Ludum Dare 31 post-mortem

Last week I participated in Ludum Dare 31, and it was totally awesome! Now that the dust has settled and I’ve had time to clear my mind a bit, it’s time to look into the process of the actual Ludum Dare, and… Evaluate!

There are quite a few good and bad things to talk about, but the most important thing to mention is probably the on-site event. A few dudes from my university (Play their games here and there!) and I decided to share a location during the event. One of the dudes had some connections so he was able to provide a university space for us to work at during the event. It was really cool! You still end up working non-stop for 48 hours, but it’s cool to be able to take a breather every once in a while and chat up with other devs. It’s especially nice to see other people’s games develop over the weekend. If you get the chance to join an on-site event, I totally recommend it. Also, having a coffee machine within 20 metres is absolutely amazing.

Now, let’s talk about a bad thing: locality. In short, when I woke up saturday morning and the compo had already started I was still 2+ hours away from university. This meant working and planning a bit while travelling. This is not a very bad thing but it was still irritating and distracting. So next time I should make sure I wake up at the right place, at the right time.

One thing I’m really happy with is how I managed to complete the compo with exclusively my own resources. And with my own resources I mean my own art & graphics, my own idea, and my own utility library. This is ofcourse mandatory if you want to participate in the compo, but it is still a new experience for me. It was very cool to see functions from my utils library pop up all over the place, and I could really notice I was coding faster than before. Downside was (again) that my utils library had a few bugs and hiccups here and there. This includes a very very very grrrr stupid bug which caused 2+ hours of frustrating debugging near the end of the compo. But anyway, this means my game has a very distinct style, both in visuals and code.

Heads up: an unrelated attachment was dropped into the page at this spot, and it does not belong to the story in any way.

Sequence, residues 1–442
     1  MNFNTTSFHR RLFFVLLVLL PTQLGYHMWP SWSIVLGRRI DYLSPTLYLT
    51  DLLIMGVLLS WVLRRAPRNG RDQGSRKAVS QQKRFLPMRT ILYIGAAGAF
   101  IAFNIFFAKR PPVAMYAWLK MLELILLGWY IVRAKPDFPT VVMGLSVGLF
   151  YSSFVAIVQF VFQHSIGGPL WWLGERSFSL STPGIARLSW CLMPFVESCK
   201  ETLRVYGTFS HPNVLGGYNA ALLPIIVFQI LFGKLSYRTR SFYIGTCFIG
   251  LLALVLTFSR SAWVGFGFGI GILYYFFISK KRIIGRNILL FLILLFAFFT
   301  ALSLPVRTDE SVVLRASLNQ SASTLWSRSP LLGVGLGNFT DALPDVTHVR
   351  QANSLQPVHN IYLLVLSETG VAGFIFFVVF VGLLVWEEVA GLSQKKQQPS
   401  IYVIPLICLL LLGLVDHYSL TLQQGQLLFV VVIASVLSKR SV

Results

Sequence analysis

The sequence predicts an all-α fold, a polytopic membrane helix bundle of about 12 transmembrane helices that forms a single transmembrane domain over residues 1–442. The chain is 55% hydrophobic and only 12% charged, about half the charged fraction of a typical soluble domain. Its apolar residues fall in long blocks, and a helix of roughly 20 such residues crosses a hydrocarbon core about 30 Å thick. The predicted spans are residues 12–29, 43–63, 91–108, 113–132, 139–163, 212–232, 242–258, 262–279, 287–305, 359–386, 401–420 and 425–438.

Something I have mixed feelings about is my game idea and the gameplay of it. On one hand the idea was very applicable. It integrated nicely with the themes, was perfectly within scope of 2 days work, and had enough possibilities for extending in case I would have time left. On the other hand, it was a quite rubbish “game” idea. The actual gameplay was barely there, and if you’re not really curious you probably won’t finish it. Since in the end the entire compo is about making a game this is a crucial point for me to focus on next time.

Now lastly, the compo had two nice side effects. First, I made a timelapse:

It includes screenshots, webcam pictures, and pictures I made with my mobile camera over the course of the two days. I spent some time (coding a program that can do the) editing, and I think the end result is pretty neat. It’s quiet but clear, and it shows accurately what I worked on that weekend. It also shows me taking a break every once in a while.

The second side effect is that I found a bug in SDL2! I already posted it to the mailing list, and I hope it will be fixed soon. Luckily it’s not a deal-breaking bug, and it’s only a problem if you do weird stuff with SDL_SetRelativeMouseMode. Which I did. Grr.

So, to wrap it up:

  • On-site events are cool!
  • Plan the start and end location carefully.
  • Don’t rush the game(play) idea.
  • Lastly: be proud of your own assets, even if they are hideous!


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